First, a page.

August 13th is International Lefthanders Day, a day to celebrate the uniqueness of lefthanders. First observed in 1976 by a small cadre of left-thinking individuals, International Lefthanders Day has grown over the years to become something of a social media phenomena. This year’s version highlighted American Presidents who were left-handed. Somehow Herbert Hoover is listed … Continue reading Left to the Vagaries of History
by Matthew Schaefer Many years after Hoover left the White House, he became a respected elder statesman. Hoover relished this role, giving advice to Democrats and Republicans alike as he entered his eighties. At this late stage of his life, Hoover came to be seen as a model of vigorous aging. Magazine articles were written … Continue reading Days of Reckoning-Herbert Hoover’s Birthdays at age 80+
by Spencer Howard Washington Star, March 18, 1928 MRS HOOVER ESCAPES INJURIES IN CAR CRASH Secretary's wife and two friends leap from auto hanging at bridge edge Winchester, March 17 – Mrs. Herbert Hoover, wife of the Secretary of Commerce, Mrs. Hugh Cumming, wife of the Surgeon General of the United States Public Health Service, … Continue reading Lou Henry Hoover’s Narrow Escape?
by Spencer Howard Visitors to the Herbert Hoover Presidential Library-Museum often ask, what ever happened to the Hoovers' kids? Both of their sons lived productive lives, though neither achieved as much fame as their father. Herbert Charles Hoover was born in London on August 4, 1903. He was named for his father, Herbert Clark Hoover, … Continue reading What ever Happened to Herbert Hoover’s Kids?
Part 3 By Thomas F. Schwartz Sustained by Hoover’s loan of 100,000 francs, Chevrillon also received infrequent shipments of food aid through Hoover’s Lisbon agents. By 1942 Chevrillon reported that, “the markets are empty….the harvests for next year are announced as poor.” He added, “already the ration itself is insufficient for normal feeding and the … Continue reading War and Peace: The Friendship of Louis Chevrillon and Herbert Hoover
by Matthew Schaefer Later this July, baseball’s annual All-Star Game will take place in Washington DC. Among the featured stories that week will be the brutal heat and humidity attendant on any summer event in Washington. Washington’s weather in the summer should surprise no one as the town is laid out on what had been … Continue reading Washington in the Summer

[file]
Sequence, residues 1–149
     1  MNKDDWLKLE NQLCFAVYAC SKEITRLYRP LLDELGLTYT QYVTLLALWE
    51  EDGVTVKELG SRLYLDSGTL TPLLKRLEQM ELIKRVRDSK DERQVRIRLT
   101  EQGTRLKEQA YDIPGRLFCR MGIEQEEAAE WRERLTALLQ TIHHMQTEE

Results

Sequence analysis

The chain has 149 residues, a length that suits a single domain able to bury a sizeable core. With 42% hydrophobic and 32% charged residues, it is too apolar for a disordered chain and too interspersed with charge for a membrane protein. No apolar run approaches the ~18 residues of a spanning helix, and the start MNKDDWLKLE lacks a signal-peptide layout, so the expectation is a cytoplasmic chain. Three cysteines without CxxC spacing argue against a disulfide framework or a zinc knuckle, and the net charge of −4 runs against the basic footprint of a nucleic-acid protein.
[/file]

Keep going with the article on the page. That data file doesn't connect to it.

Part 3 By Matthew Schaeffer After Herbert Hoover left the White House on March 4, 1933, Hoover Ball disappeared from the public awareness. Clearly Franklin Roosevelt, suffering from the lingering impact of polio, was not going to throw a six pound ball over a net. Like Calvin Coolidge’s mechanical horse, Hoover ball was consigned to … Continue reading Hoover Ball Rejuvenated
Part 2 By Matthew Schaeffer Visitors to the Herbert Hoover Museum will find nearly seven hundred artifacts on display to tell his life story. There is an entire exhibit case dedicated to documenting the Hoovers’ time in the White House. It contains scores of artifacts, and it can be overwhelming. One artifact that escaped my … Continue reading The End of the First Hoover Ball Era
Part 1 By Matthew Schaeffer The health of the President of the United States is often newsworthy. President Trump’s height and weight made recent headlines. Obama’s smoking drew public interest. Clinton’s affinity for eating fast food, sometimes while dressed for jogging, was worth a news photo. I would argue that the American public cares more … Continue reading Hoover Ball Genesis
by Spencer Howard When Hoover became President in 1929, he decided to build a weekend retreat – a fishing camp – some place where he could escape from Washington and unwind. He chose a site on the eastern slope of the Blue Ridge Mountains in Virginia about 100 miles from Washington, where two small streams … Continue reading The President’s Mountain School